# Characterizations of uniformly learnable function classes in the distribution-specific setting

Let $$X$$ be some input domain (a measurable space). Then let $$D$$ be some class of probability distributions on $$X\times\{0,1\}$$. We will call such distributions learning tasks. We say that $$D$$ is uniformly learnable if there exists a learning procedure $$L$$ mapping finite subsets of $$X\times\{0,1\}$$ onto functions $$X\to\{0,1\}$$ such that for any $$\epsilon,\delta$$, the test error of $$L$$ is at most $$\epsilon$$ with probability at least $$1-\delta$$ over random training sets of size $$n$$, for sufficiently large $$n$$.

This is just the standard setting of PAC learnability.

Let $$F$$ be some class of binary functions on $$X$$. For any $$f\in F$$ and any probability measure on $$\mu$$, we can construct a learning task by sampling from $$X$$ using $$\mu$$ and then labelling that input using $$f$$. Denote this distribution by $$f(\mu)$$. Now let $$D$$ denote the class of learning problems of all $$f(\mu)$$ for all probability measures $$\mu$$ and all $$f\in F$$. Then $$D$$ is uniformly learnable if and only if $$F$$ is of finite VC dimension (Shalev-Shwartz/Ben-David, Theorem 6.7). This is sometimes called the distribution-free setting.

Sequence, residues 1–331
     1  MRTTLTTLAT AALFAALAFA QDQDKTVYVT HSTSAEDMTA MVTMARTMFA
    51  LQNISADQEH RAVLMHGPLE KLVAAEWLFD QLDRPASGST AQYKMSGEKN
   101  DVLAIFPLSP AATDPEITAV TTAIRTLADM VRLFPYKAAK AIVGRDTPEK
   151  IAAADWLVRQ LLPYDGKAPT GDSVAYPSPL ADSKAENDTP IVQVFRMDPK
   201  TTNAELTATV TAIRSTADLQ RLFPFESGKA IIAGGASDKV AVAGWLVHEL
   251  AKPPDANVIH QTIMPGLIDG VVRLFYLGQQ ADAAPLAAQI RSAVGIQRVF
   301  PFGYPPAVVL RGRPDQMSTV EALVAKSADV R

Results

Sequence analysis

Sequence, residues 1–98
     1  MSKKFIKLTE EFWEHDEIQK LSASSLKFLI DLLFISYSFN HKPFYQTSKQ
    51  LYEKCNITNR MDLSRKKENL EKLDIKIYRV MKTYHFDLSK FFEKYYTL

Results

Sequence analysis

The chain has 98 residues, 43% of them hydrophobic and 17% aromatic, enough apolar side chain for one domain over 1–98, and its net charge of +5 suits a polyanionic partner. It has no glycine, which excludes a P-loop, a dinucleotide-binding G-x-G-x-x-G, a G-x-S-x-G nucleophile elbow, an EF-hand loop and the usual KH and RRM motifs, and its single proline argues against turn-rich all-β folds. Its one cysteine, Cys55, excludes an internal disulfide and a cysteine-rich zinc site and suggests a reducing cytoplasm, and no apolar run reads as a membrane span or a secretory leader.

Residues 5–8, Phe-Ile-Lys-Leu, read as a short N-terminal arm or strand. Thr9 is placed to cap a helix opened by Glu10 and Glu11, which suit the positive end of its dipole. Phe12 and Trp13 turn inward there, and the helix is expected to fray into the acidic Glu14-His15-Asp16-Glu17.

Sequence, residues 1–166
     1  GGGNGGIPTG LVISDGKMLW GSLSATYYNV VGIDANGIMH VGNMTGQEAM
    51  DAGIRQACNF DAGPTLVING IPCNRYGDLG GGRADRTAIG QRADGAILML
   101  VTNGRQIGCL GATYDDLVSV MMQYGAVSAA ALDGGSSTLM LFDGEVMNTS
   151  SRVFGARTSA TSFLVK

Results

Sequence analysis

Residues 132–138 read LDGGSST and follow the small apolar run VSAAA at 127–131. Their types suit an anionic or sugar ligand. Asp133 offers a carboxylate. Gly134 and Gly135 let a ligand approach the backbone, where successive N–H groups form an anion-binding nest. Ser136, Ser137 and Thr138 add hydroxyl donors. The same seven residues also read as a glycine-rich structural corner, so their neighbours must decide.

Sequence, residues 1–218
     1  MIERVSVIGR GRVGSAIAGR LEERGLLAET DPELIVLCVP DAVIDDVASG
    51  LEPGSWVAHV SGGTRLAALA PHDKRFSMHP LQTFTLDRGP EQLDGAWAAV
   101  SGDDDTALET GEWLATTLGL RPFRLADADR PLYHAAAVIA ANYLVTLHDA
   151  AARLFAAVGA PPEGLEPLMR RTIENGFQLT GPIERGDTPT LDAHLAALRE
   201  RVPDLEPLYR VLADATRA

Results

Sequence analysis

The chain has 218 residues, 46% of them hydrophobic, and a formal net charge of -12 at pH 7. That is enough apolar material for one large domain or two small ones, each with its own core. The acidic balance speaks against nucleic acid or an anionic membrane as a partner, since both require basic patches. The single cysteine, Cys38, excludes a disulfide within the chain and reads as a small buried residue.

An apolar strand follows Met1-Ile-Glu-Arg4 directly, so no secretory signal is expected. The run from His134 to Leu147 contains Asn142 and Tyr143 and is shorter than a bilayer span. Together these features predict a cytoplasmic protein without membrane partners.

In the fixed-distribution setting, $$D$$ is instead the set of all measures $$f(\mu)$$ for $$f\in F$$ and $$\mu$$ a specific probability measure. When is $$D$$ uniformly learnable?

I suspect this is related to Rademacher complexity, but I can't find any clear statement in any source of an if-and-only-if condition for uniform learnability.

$$D$$ is uniformly learnable if and only if $$F$$ is totally bounded in the sense of the $$L_1$$ metric.
The non-uniform case is covered in a second paper by the same authors, Nonuniform learning. The condition then is that $$F$$ be countably bounded, meaning for any $$\epsilon$$ it is covered by a countable collection of $$\epsilon$$-balls.